A green space built on the roof of a parking garage

At the bottom of the tower I purchased a necklace with a rooster on it from a local artisan.  The brightly painted rooster can be seen all over Portugal, any one who’s ever been to a Nando’s will recognize it.  The abridged version of the story goes: a Portuguese man was wrongly accused of a crime and sentenced to death.  Hours before being sent to be hanged he had a prophecy and stated that if the (dead) rooster the judge was to have for dinner crowed three times, he was not guilty.  As it happened the rooster did crow and the man was set free!  As I still had some time before catching my flight to Spain I also did a bit of shopping at Zara, ironic as it’s a Spanish brand and I purchased nothing in Spain.

I was lucky to consult many of the Spanish friends about my trip to Porto.  I was given a few desert recommendations and given my sweet tooth couldn’t resist trying them.  I grabbed Bolo de Arroz and Pastel de Belém from a little bakery on my way back to my AirBnb to drop of my keys and grab my suitcase, before heading to the Porto airport.  The Bolo de Arroz is basically a little cake made of rice, which I enjoyed.  I’ve had pastel de bélem before, I believe a Portuguese co-worker brought them in once.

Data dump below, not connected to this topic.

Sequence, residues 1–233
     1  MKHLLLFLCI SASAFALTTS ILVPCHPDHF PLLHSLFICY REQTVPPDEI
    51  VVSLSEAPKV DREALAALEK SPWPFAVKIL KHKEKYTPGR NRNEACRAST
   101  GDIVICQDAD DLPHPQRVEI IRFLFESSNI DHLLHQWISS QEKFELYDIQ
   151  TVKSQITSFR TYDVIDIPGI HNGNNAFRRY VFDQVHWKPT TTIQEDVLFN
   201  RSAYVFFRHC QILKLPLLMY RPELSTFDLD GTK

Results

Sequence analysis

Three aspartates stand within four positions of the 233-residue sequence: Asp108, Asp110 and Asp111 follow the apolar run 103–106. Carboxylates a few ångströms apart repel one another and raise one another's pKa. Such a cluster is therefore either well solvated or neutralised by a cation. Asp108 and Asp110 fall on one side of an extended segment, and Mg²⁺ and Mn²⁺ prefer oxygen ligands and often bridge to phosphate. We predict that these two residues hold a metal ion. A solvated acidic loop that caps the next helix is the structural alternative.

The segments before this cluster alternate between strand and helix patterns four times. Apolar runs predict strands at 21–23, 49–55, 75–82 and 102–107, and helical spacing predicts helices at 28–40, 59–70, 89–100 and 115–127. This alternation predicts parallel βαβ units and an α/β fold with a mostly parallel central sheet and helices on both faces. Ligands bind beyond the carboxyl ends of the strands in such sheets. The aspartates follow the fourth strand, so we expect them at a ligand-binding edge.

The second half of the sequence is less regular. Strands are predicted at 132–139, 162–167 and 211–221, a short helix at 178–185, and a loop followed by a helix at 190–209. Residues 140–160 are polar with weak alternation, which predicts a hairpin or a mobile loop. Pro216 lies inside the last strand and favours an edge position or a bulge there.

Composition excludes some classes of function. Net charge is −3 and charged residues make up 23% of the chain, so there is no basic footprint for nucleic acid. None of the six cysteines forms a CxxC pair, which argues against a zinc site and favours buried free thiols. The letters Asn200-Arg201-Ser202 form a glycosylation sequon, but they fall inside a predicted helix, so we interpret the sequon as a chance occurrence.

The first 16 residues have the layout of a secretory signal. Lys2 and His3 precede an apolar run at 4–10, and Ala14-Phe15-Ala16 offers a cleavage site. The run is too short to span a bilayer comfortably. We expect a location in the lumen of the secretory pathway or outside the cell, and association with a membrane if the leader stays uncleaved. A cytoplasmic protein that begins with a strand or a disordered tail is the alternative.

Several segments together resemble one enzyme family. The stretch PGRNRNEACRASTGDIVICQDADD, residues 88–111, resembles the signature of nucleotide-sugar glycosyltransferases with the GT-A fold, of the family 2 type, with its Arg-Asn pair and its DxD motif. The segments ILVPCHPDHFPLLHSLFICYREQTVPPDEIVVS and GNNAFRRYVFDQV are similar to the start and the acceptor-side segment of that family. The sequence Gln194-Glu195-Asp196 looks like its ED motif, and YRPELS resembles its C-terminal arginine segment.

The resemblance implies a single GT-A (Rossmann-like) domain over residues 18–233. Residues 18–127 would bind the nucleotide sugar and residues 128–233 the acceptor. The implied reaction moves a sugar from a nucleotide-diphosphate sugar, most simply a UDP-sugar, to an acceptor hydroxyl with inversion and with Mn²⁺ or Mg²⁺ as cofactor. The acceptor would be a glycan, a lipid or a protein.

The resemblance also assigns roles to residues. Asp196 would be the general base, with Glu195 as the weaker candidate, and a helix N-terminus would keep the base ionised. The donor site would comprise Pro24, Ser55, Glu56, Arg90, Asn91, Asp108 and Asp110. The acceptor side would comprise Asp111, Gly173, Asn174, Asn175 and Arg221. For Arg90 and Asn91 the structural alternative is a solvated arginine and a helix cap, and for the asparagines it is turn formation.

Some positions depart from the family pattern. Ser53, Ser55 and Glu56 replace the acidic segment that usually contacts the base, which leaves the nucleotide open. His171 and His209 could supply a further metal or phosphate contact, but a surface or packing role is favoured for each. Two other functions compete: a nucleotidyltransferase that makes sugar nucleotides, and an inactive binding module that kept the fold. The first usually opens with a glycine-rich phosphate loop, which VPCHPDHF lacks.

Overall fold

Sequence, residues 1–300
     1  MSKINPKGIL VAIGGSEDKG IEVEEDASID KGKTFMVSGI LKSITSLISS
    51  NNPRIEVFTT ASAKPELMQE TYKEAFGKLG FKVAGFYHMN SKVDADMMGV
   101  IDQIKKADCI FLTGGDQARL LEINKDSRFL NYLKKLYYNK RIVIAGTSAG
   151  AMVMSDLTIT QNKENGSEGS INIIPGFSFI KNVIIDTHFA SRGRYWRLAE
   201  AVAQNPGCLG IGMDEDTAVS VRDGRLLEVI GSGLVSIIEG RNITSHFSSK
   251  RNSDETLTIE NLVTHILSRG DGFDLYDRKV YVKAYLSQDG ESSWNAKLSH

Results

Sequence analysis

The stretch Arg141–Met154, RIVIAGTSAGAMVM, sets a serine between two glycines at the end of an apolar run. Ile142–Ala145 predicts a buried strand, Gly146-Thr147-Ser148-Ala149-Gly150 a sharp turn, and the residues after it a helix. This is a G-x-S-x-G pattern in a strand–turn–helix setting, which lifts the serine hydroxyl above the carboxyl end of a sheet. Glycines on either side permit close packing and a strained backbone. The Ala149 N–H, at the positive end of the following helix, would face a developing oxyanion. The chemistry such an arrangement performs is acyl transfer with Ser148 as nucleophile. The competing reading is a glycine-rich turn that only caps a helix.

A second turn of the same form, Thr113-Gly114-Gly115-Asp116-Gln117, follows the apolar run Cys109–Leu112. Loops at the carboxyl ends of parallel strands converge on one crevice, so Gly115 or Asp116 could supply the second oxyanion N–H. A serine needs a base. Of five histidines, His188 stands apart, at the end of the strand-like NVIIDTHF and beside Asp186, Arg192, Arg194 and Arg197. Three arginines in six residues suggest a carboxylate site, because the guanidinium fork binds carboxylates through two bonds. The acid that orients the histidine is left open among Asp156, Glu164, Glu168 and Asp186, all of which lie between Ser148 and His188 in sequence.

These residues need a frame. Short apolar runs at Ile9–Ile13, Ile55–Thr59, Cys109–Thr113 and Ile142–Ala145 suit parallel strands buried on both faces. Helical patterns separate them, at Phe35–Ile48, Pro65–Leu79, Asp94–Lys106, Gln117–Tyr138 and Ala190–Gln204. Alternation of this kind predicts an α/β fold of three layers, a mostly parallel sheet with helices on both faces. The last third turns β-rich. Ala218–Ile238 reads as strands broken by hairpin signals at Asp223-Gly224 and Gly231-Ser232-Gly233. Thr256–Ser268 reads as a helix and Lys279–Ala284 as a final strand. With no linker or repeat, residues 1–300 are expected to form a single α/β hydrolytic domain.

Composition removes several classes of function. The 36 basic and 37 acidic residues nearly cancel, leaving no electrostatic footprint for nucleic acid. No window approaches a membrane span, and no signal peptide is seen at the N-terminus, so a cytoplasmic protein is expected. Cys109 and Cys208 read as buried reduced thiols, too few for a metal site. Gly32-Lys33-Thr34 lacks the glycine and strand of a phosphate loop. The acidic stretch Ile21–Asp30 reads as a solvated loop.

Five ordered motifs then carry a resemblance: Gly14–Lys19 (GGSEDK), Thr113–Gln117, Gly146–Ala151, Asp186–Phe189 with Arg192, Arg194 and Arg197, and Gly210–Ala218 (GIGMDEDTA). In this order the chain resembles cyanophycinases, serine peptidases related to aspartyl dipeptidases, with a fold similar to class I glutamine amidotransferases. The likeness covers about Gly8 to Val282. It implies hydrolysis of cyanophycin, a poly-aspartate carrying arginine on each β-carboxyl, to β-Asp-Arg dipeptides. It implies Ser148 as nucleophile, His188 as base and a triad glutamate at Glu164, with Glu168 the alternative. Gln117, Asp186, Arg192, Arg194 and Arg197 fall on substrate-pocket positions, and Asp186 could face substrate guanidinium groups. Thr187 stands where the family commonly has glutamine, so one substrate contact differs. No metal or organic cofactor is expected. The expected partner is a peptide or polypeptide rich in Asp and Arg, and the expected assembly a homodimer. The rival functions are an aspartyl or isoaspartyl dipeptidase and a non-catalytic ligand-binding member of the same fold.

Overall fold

I then trod off to the metro to catch a fight back to Madrid, where my fight to Canada would leave from the next morning.  As I had only been on the metro once before in Porto, I figured it would be just as simple to return to the airport and I caught the first train I saw, which seemed to be heading in the direction I wanted to go.  However, I realized I had boarded an express train, which ceased making stops before I had to make my transfer.  I asked a young highschooler if the train would stop where I needed to make my connection and he seemed quite confident that it would.  However, when it didn’t he also didn’t seem to alarmed.  A woman with two babies made note of my confusion and made attempts to direct me on how to back track.  She ushered me off the train at her stop and explained how to get to the airport with many hand gestures and what English she knew.  I even tried asking her if she knew any French, as I know no Portuguese and very little Spanish.  Eventually she insisted that she drive me to the airport!  I felt awful, having this young mother, her two babies and her mother pack me into their little car and take me to the Porto airport.  Though, not wanting to miss my flight, I conceded.  The only thing I could do was uttered the same and only Portuguese word I had (gratefully) picked up earlier that day “Obrigada!  Obrigada!” (thank you).  I was truly overwhelmed by the kindness of strangers.  I’ll be sure to return to Portugal in the future, it’s one of the loveliest places I’ve been.